Worry and worrying is a common theme in our community. You may label yourself an excessive worrier or tell me that you are unable to stop worrying about things. Many things. All the things. Worry becomes a trap that for many feels inescapable and creates a somewhat torturous loop.
I have written and said many times that worry is not a plan. Worry is thinking. Worry does not accurately predict or solve specific problems. Worry does not create any specific future nor block a specific future. Worry exists only in our heads. Worry, for the most part, is not required.
“Nothing happens to the wise man against his expectation.”
Given my stance on worrying, why would I bring this quote into the picture? It seems to almost encourage worry!
Seneca was one of the great Stoics. I’ve been a practicing Stoic for years without ever really knowing it. Stoic philosophy will arise now and then in The Anxious Morning because there are many recovery lessons to be taken from it. And no, being “stoic” does not mean being devoid of emotion. That’s one of the big misconceptions about Stoicism.
Seneca was not talking about specific worry or rumination. Rather, the Stoics teach us that we should live in accordance with the natural order of things. In the natural order of things, stuff goes wrong. We make plans, then sometimes they break. We want things to go smoothly, then sometimes they do not. Life happens. Sometimes it is not what we want, and it remains largely out of our control. Stoicism teaches us that we must acknowledge this, but also that we must acknowledge that we are inherently capable of handling it if things do go wrong.
In this light, Seneca is not teaching us that we must worry. He is teaching us that we must simply be aware and accepting of the fact that things can, and sometimes do, go wrong. Being aware and accepting of this fact does not require an attempt to think our way out of that. We can’t, no matter how hard we try. Worry does not create or influence the future in any way, so it is a pointless exercise in every sense of the word.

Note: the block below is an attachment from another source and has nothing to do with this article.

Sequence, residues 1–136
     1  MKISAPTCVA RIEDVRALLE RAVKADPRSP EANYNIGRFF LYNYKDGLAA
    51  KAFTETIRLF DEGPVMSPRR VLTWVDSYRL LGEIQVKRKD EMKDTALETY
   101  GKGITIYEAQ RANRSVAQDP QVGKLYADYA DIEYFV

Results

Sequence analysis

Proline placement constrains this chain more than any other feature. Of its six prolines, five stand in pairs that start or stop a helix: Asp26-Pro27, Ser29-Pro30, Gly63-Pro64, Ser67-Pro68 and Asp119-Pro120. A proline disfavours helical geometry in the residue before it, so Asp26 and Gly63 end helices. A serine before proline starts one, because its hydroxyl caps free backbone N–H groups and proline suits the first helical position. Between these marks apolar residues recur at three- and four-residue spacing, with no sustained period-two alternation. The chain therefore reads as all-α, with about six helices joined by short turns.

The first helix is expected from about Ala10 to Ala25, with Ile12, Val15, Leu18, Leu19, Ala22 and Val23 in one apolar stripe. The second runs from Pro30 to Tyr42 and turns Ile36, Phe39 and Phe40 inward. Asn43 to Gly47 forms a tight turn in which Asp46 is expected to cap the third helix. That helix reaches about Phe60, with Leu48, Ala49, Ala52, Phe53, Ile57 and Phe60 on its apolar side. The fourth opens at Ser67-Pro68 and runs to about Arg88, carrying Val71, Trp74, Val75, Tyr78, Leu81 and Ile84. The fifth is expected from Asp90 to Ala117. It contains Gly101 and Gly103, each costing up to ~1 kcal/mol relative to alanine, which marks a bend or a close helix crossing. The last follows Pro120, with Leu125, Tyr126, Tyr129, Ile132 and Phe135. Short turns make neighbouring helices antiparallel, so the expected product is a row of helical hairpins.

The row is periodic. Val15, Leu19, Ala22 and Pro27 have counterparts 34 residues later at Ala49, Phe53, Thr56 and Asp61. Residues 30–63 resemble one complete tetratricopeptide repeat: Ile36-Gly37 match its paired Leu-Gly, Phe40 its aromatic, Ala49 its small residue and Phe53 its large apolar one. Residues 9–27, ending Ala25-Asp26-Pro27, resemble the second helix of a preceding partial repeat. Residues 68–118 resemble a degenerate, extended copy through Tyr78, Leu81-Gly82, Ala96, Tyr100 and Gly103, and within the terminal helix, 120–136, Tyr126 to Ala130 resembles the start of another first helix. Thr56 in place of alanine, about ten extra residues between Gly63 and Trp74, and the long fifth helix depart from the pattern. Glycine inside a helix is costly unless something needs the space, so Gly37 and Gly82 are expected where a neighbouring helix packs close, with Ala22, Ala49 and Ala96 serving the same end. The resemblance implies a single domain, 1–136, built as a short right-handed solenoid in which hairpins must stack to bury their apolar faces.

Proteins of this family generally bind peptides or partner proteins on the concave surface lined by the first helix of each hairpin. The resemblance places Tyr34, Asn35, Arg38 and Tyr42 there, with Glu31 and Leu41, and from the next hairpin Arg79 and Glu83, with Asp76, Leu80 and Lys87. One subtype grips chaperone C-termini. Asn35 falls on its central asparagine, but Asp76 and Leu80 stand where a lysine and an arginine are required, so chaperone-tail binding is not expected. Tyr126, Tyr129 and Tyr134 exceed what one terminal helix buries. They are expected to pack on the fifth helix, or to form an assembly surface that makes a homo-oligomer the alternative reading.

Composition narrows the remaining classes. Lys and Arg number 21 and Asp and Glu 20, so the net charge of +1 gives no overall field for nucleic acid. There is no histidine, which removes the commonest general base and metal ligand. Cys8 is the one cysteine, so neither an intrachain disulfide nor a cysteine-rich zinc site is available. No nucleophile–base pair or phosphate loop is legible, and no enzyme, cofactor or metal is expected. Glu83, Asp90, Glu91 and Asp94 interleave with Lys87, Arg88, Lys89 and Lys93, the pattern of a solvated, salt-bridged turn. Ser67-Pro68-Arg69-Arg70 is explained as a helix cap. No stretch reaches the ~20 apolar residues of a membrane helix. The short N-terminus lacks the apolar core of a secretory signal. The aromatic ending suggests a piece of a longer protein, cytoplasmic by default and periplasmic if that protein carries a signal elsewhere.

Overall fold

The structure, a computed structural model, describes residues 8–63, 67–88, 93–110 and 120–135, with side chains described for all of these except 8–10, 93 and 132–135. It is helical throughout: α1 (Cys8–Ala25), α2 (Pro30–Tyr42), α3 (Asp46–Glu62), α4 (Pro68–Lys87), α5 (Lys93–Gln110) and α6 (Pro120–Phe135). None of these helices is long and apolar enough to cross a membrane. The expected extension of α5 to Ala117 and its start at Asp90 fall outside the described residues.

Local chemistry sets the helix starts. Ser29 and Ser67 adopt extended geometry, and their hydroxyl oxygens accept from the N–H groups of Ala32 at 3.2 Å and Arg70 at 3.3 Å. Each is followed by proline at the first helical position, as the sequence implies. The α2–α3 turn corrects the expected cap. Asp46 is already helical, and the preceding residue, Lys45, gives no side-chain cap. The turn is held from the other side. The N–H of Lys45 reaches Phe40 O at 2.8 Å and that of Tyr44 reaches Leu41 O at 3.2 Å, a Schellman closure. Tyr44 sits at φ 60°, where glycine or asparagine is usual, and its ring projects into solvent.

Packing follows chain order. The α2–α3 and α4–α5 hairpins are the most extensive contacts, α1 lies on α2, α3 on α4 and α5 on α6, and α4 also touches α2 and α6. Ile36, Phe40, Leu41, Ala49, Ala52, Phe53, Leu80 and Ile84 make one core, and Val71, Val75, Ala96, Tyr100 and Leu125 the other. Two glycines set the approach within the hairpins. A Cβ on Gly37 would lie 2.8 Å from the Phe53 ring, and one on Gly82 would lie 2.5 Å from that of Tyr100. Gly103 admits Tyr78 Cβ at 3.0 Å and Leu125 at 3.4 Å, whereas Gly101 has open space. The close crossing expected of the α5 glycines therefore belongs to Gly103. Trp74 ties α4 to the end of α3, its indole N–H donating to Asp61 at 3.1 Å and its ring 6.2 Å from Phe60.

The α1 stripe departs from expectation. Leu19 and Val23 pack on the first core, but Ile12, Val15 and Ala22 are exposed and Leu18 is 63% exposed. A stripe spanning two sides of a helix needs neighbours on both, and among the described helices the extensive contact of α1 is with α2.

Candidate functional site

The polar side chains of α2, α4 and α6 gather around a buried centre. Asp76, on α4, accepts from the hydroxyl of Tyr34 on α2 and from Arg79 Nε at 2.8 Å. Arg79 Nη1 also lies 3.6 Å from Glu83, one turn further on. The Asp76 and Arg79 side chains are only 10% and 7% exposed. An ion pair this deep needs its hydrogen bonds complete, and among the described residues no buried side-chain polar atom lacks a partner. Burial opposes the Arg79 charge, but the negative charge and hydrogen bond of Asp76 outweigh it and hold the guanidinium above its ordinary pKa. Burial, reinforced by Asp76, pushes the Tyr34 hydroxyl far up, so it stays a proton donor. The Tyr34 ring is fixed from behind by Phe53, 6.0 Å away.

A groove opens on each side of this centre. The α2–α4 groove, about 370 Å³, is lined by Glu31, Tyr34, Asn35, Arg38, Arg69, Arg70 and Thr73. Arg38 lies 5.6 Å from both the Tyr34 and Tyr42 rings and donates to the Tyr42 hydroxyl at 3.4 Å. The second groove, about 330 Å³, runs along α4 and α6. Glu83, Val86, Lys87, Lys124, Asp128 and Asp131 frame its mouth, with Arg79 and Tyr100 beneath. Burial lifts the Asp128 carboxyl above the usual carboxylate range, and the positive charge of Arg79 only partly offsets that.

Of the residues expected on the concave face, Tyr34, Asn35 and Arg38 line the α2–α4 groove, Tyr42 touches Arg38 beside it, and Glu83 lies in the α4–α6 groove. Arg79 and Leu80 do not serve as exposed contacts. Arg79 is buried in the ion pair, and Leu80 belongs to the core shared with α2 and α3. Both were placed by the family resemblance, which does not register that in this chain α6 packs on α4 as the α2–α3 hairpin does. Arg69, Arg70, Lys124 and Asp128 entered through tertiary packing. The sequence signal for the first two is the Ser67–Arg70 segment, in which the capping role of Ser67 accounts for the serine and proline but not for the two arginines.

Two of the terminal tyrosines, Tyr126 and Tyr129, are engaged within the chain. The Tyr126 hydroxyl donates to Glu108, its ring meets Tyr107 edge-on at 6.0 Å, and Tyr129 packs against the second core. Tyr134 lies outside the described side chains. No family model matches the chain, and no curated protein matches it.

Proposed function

What would Seneca, or any of the great Stoics, do about this inconvenient truth about the Universe we live in? They would take some time to consider in general that things may go wrong. They may make practical plans to address some general conditions. Then they would trust that regardless of what does or does not happen, they will handle it and be OK.
Take a moment to consider your worry habits today. What do you believe about worry? What do you think it is accomplishing? Might you shift from worry to planning, then from planning to disengagement and acceptance? The trick in that sequence is learning to recognize when planning has reached its practical limit. That takes time and requires that we navigate through the discomfort of leaving some plans un-made when our fear is telling us that this is a mistake. But this exercise is well worth it.
You can’t just decide to stop worrying, but you can start to understand the role it plays in your life and it’s limitations. That’s a step in the right direction.
On Monday we’re going to visit the topic of exposure and exposure therapy for the first time.
“Tell me and I forget. Teach me and I remember. Involve me and I learn.”
- Benjamin Franklin
Every Friday I’ll share one of my favorite quotes. They’ll often have direct application in recovery, but sometimes they’re just generally funny, inspiring, or thought-provoking. I hope you enjoy them.